Bordeaux’s out to attract a younger set

The first of a two-part series on efforts to attract a younger American audience to the wines of Bordeaux, France.

VIENNA, VA, JANUARY 9, 2013: Winter salad of shaved cucumber, radish and endive with lemon vinaigrette. Dishware courtesy of Crate & Barrel. (Photo by ASTRID RIECKEN For The Washington Post)

Join our live chat

Free Range on Food is a forum for discussion of all things culinary. Join us every Wednesday at noon.

More from Food

DO NOT USE. images for super bowl smackdown key.

Recipes from seven years of Super Bowl Smackdowns

The time-honored Food section tradition of recipe face-offs started with a battle over chili and has led to several game-day-worthy dishes.

The SoHo flat is filled with Bordeaux royalty. Chateau names such as Talbot, Palmer, Mouton Rothschild, Cos d’Estournel, Pontet-Canet and others are represented in pinstripes and cuff links, as servers freely offer generous glasses of wines that cost in the triple digits. It takes a small army to decant a six-liter imperial of Chateau d’Issan 2005, a grand cru classé from Margaux, on Bordeaux’s left bank.

Only the host looks out of place. Dressed in a sweater and jeans, with blond highlights in his shoulder-length brown hair, Jean Moueix strikes a much younger, more relaxed pose than his counterparts. Bordeaux isn’t just buttoned-down luxury, his manner seems to say. It’s also fun.

The chateau owners and directors are in Manhattan this chilly late-fall evening for Wine Spectator magazine’s New York Wine Experience, a three-day bacchanal that offers wine lovers “a unique opportunity to taste the world’s greatest wines.” Moueix is celebrating the New York debut of his company, La Vinicole, as part of an effort to boost Bordeaux’s image and representation on restaurant wine lists in the Big Apple.

Moueix (pronounced mwex) is firmly entrenched among Bordeaux’s elite. At age 27, he is the chief officer of the family firm Duclot, a negociant house that buys wine from more than 500 chateaux in Bordeaux and sells them through various channels in more than 70 countries. The family also owns the famed Pomerol producer Petrus. La Vinicole, a wholesale division of Duclot, was founded a half-century ago to sell wine wholesale to restaurants.

Published photos of Moueix from just a few years ago show him with the clean-cut, tailored look typical of Bordeaux. His new devil-may-care image — along with his efforts to make Bordeaux accessible at reasonable prices in Paris restaurants — earned him a 2013 “coup de coeur” from the French wine magazine La Revue du Vin de France.

Bordeaux has a tarnished image in the United States. The industry fixated on the glitz and glamour of high point scores and even higher prices, a pursuit the wine media happily encouraged. In recent years, as prices soared and American consumers yawned, the Bordelais chased the seemingly boundless Chinese market and neglected the United States. Moueix is determined to reverse that neglect.

“When I visited New York a few years ago, I saw very little Bordeaux on the wine lists,” Moueix says. “So we decided to bring La Vinicole to New York in order to put Bordeaux back in the city’s restaurants.” The company will use the SoHo office apartment as an education center for New York sommeliers. After focusing on New York for the next year or two, La Vinicole might target other cities, such as Washington, he adds.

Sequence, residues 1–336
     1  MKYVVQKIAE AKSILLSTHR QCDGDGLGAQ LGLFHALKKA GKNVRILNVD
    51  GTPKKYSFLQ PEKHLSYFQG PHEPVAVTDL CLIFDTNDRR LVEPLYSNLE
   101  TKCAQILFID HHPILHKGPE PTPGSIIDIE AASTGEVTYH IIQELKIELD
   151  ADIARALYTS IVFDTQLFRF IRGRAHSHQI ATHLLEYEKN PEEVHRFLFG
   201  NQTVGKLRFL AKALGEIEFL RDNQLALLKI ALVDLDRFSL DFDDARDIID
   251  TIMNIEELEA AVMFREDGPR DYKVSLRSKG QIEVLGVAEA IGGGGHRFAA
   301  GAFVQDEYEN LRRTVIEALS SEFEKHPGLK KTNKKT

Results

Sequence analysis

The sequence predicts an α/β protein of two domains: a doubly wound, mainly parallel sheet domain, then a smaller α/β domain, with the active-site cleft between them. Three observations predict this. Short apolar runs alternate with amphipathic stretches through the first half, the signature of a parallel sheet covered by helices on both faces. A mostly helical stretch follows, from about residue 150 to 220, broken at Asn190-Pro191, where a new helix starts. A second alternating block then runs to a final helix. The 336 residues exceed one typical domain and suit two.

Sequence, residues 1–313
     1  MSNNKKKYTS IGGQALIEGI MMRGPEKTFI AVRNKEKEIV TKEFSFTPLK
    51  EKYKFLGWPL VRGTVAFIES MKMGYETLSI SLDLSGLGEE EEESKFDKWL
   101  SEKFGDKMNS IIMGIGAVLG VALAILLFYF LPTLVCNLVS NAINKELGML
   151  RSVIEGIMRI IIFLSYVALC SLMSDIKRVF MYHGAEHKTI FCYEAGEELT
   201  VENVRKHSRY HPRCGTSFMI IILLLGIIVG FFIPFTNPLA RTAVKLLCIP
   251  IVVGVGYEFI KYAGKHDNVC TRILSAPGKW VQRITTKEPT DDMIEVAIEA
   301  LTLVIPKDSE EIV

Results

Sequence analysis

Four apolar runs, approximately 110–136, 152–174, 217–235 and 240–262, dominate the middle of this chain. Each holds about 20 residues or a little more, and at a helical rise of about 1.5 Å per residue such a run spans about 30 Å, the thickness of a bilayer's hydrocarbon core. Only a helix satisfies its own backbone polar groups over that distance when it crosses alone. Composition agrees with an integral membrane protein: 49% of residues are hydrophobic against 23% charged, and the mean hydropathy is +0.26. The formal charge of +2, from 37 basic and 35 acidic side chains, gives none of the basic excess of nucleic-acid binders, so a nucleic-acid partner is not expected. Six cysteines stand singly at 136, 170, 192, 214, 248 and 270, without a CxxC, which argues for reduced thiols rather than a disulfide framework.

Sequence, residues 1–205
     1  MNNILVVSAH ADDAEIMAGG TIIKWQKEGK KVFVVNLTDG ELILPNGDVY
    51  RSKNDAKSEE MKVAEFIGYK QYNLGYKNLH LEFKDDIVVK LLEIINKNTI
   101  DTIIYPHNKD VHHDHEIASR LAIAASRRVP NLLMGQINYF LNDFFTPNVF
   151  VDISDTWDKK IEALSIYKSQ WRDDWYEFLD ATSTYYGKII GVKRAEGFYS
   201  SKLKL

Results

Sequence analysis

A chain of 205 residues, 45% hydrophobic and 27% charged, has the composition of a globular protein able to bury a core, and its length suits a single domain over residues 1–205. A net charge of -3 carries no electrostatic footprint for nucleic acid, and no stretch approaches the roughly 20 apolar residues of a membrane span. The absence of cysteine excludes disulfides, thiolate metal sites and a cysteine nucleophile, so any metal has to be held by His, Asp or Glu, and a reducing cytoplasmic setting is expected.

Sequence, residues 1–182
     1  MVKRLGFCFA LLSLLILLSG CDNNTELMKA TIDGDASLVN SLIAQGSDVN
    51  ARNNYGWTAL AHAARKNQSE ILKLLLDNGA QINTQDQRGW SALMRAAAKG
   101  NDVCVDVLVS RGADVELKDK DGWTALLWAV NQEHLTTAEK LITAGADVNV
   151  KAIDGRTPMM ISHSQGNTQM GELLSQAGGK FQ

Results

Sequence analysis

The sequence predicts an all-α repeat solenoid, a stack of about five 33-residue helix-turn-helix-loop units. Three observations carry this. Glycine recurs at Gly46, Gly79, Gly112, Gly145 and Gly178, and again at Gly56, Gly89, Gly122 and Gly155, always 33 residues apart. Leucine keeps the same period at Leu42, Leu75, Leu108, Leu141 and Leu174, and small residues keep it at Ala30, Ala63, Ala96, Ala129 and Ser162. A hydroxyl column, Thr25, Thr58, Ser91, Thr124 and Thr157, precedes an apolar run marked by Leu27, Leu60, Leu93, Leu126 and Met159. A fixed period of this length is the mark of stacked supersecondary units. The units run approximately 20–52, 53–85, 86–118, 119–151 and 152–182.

La Vinicole has stockpiled 24,000 bottles of various vintages and prices in a New Jersey warehouse and has access to 9 million more back in Bordeaux, sourced directly from the chateaux. “Provenance is a key selling point for La Vinicole,” says Philippe Newlin, director of the three-person New York office.

Chris Adams, chief officer of Sherry-Lehmann Wine & Spirits, a major Manhattan retailer and dealer in Bordeaux futures, underscores the need for a youth movement in selling Bordeaux to U.S. consumers.

“We’ve locked up the 70- and 80-year-olds,” he tells me during the fall reception. “We need to convince the younger generation to drink Bordeaux.”

“Bordeaux forgot to speak to one or two generations of sommeliers in the United States, and naturally the share of Bordeaux wines in restaurants dropped dramatically,” says Aymeric de Gironde, director general of Chateau Cos d’Estournel and, at 41, himself one of the youngest chateaux principals in Bordeaux.

“Bordeaux comes across as rigid, stodgy and unaffordable,” says Keri Levens, wine director for New York’s Little Wisco restaurant group, which includes Montmartre, with an all-French wine list. “The Loire Valley is like Brooklyn, and Bordeaux is like the Upper East Side,” Levens explains. “Brooklyn — the Loire — is cool, young, edgy and affordable. The wines may be a little funky, and even dirty, but have a lot of character and integrity. The Upper East Side — Bordeaux — is classic, older and astronomically expensive. But if you spend some time looking around, you can find a rent-controlled apartment.”

Levens recently took 10 staff members, all in their 20s, to a Bordeaux class at La Vinicole. She called the experience “eye-opening” for those accustomed to powerful California cabernets. “What shocked the staff most was that the wines were beautifully interwoven and integrated, with a lightness on the palate,” she writes in an e-mail. “Just what cabernet should be.”

And just what Jean Moueix would like to hear.

McIntyre blogs at dmwineline.com. On Twitter: @dmwine.

More food content

Show more
 
Read what others are saying